Colon and Rectal Cancer

What is Colon Cancer?

colon cancer treatmentsColorectal cancer is known as the “silent killer” because most patients do not experience any symptoms. If experiencing abdominal pain, rectal bleeding, anemia, and/or unintended weight-loss, talk to a physician about referral for a diagnostic colonoscopy to rule out cancer. Tumors may be benign or malignant, and can grow into other tissues of the body.

Facts about Colon Cancer

  • Colorectal cancer is the second leading cause of cancer death
  • Colon cancer is the third most common cancer in women and men
  • It is estimated that 94,000 people are diagnosed each year with colon cancer
  • Approximately 37,000 are diagnosed annually with cancer of the rectum
  • About 75% of all new cases of colon cancer occur in people with no known risk factors for this disease
  • Screening for colorectal cancer and polyps has decreased the incidence of this disease by nearly 2% per year during the past decade

Polyps are non-cancerous growths that can occur anywhere in the colon or rectum. Though they are not cancer, polyps should be removed because they can become cancerous. Dr. Kaufman recommends individuals who have had a colon or rectal polyp to come in for regular examinations since they are more likely to develop in the future.

What is Rectal Cancer?

Rectal cancer occurs in the lower 5-6 inches of the large intestine. In the past, many patients with rectal cancer were treated with removal of the rectum and anus, followed by the formation of a permanent colostomy. However, Dr. Kaufman at Huntington Colorectal utilizes advanced techniques in anal sphincter preservation with rectal reconstruction, which help minimize the need for a colostomy. In addition, great care is taken to identify and preserve the nerves that control bladder and bowel function to maximize quality of life after surgery.

When cancer occurs in the very low portion of the rectum it may require removal of the anus. In order to allow waste to exit the body, an opening called a stoma is created in the abdomen. A special bag covers the stoma so that waste can be collected. If a colostomy is needed, patients are assisted by specialized Wound, Ostomy, and Continence Nurses, who teach them how to care for their colostomy.

What is Anal Cancer?

Anal cancer is relatively uncommon, accounting for only 1.5% of all gastrointestinal cancers in the United States. Treatment typically involves chemo and radiation therapy, and a close follow-up as surgery is not usually required for this type of cancer.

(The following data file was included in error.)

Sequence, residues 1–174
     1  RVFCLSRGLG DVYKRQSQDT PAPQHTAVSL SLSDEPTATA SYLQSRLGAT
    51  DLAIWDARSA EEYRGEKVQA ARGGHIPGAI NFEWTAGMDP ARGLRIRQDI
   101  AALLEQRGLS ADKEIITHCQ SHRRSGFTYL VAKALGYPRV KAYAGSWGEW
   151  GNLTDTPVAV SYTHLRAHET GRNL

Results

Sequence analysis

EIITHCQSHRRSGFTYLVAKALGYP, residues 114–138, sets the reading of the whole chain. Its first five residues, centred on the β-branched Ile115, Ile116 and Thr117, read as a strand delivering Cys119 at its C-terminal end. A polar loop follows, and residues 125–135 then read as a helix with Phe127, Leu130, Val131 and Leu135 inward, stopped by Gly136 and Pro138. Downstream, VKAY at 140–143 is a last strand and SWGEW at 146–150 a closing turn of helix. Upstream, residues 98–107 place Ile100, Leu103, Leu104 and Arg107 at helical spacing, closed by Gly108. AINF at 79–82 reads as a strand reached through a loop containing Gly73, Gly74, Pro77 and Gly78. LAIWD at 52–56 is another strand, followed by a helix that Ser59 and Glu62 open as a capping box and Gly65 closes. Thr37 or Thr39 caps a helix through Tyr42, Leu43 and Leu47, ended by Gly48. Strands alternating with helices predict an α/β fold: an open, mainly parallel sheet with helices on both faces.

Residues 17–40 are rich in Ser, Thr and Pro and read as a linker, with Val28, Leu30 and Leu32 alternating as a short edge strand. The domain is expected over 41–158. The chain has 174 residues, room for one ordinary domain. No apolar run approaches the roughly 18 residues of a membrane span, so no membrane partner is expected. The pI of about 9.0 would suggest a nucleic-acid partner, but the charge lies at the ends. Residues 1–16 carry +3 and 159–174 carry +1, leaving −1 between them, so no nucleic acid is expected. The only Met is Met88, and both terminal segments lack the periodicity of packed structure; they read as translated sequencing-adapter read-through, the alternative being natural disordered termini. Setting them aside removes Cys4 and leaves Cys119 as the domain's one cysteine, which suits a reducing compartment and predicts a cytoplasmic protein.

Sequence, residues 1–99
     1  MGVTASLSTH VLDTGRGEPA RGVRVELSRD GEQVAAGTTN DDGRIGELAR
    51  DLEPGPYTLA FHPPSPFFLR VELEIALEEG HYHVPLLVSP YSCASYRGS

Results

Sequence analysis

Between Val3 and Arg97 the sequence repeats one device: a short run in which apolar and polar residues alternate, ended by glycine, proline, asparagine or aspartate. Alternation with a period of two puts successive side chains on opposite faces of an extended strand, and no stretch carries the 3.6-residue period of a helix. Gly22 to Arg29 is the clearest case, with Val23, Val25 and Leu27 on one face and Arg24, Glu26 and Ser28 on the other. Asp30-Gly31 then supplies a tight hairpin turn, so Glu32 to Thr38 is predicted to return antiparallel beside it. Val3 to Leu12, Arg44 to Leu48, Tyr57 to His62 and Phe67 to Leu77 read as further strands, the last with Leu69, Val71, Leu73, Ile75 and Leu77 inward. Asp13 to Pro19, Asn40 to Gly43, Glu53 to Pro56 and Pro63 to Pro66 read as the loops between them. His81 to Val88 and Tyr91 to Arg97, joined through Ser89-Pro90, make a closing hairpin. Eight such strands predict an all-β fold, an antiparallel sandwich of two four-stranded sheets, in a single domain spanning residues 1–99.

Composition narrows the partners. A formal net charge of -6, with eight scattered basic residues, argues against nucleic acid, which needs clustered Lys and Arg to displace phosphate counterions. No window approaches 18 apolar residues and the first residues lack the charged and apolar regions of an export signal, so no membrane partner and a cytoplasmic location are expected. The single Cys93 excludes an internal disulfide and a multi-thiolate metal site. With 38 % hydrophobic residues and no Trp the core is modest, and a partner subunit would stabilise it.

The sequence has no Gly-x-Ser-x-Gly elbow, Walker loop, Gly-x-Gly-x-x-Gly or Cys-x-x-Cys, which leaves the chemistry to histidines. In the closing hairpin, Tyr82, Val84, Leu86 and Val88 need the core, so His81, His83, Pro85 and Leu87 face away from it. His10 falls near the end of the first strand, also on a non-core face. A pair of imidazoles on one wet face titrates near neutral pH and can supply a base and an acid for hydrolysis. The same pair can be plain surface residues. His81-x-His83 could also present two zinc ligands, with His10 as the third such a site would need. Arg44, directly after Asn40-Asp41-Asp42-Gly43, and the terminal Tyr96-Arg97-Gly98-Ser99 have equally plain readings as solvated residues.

How do we treat and screen rectal cancer?

What is colorectal cancer screening?

Screening for colorectal cancer has proven to decrease mortality in randomized clinical trials. Unfortunately, most individuals are not screened due to fear or lack of adequate education regarding the benefits. Recommendations for screening begin at age 50 for the average risk population, and at 40 years of age (or younger) for higher risk groups.

  • Fecal Occult Blood Test (FOBT) – This test is noninvasive and identifies blood in stool that may be a sign of underlying cancer or advanced polyps. Two samples from each of three consecutive stools will be examined without rehydration. Patients with a positive test on any specimen should be followed up with colonoscopy.
  • Colonoscopy – This short preventative procedure allows a gastroenterologist to look inside the large intestine using a colonoscope to identify early warning signs of colon or rectal cancer. If anything abnormal is seen in the colon such as a polyp or inflamed tissue, the physician can remove all or part of it using tiny instruments passed through the scope. That tissue (biopsy) is then sent to a lab for testing. A colonoscopy may take 30 to 60 minutes.
  • Flexible Sigmoidoscopy – A thin lighted tube called a sigmoidoscope is used to look inside the rectum and lower colon for polyps, tumors, or other abnormalities. Only the lower ¼ to ⅓ of the colon is visualized.
  • Double Contrast Barium Enema – This test is used to obtain an X-ray of the colon and rectum. It consists of barium–a white, chalky substance–given to patients prior to the X-ray. The barium outlines the colon and rectum on the X-rays to help Dr. Kaufman see tumors or other abnormal tissue. Dr. Kaufman may also expand the colon by gently pumping air during the test to look for small tumors.

What is a Virtual Colonoscopy?

Advances in computer processing speed and imaging software have allowed for the development of “virtual colonoscopy” (CT colonography). This test requires an intestinal cleansing but is performed rapidly, without sedation, and without the invasiveness of flexible video colonoscopy. Other intra-abdominal abnormalities may be diagnosed with this screening device.


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Treated Conditions

Hemorrhoid Removal
Pelvic Floor Disorders
Pelvic Floor
Fecal Incontinence
Anorectal Manometry
Anal Ultrasound
Obstructed Defecation
Rectal Prolapse

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Howard Kaufman, MD

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Address: 10 Congress Street, Suite 300 Pasadena, CA 91105

Phone: (626) 397-5896
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